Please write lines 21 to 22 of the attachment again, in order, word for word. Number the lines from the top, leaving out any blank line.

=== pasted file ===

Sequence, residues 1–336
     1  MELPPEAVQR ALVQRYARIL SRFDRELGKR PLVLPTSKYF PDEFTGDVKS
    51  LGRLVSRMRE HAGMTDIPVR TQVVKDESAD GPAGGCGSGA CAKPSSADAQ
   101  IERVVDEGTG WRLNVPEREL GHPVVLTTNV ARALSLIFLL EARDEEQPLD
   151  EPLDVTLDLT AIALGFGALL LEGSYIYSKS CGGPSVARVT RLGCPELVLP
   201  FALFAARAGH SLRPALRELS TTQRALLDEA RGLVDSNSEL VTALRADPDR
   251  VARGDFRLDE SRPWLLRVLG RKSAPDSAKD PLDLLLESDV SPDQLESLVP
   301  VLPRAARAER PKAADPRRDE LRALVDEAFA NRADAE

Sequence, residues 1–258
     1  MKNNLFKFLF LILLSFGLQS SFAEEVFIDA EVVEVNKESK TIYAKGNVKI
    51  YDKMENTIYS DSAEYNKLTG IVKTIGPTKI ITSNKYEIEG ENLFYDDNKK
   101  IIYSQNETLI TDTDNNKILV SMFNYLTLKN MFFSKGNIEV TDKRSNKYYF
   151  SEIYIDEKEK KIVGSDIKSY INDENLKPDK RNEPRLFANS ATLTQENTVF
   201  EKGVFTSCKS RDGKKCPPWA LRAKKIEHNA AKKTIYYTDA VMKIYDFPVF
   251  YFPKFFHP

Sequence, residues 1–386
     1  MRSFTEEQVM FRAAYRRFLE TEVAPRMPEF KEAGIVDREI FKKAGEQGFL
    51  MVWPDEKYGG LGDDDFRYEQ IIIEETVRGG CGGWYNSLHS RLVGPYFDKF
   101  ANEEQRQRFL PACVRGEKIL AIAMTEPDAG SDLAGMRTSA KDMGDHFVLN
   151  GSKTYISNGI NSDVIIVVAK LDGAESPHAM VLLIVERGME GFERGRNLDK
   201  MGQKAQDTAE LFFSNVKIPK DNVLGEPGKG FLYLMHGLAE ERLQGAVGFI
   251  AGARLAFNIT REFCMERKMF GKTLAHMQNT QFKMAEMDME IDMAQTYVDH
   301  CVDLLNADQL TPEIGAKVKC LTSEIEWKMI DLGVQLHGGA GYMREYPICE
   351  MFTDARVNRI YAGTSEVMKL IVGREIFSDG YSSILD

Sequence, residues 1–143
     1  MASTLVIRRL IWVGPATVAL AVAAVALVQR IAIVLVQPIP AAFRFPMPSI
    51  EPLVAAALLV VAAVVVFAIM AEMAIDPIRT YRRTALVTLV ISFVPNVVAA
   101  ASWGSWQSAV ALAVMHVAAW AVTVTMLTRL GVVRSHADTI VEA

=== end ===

   201  MGQKAQDTAE LFFSNVKIPK DNVLGEPGKG FLYLMHGLAE ERLQGAVGFI
   251  AGARLAFNIT REFCMERKMF GKTLAHMQNT QFKMAEMDME IDMAQTYVDH